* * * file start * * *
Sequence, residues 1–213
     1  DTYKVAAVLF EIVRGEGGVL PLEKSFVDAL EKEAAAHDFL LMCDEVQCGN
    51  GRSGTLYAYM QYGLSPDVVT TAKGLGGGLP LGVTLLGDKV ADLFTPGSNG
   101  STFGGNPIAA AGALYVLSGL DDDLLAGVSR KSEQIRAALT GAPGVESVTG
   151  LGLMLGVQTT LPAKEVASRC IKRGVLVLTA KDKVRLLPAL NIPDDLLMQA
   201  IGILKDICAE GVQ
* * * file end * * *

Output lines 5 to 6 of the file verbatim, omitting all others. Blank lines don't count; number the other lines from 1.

   151  LGLMLGVQTT LPAKEVASRC IKRGVLVLTA KDKVRLLPAL NIPDDLLMQA
   201  IGILKDICAE GVQ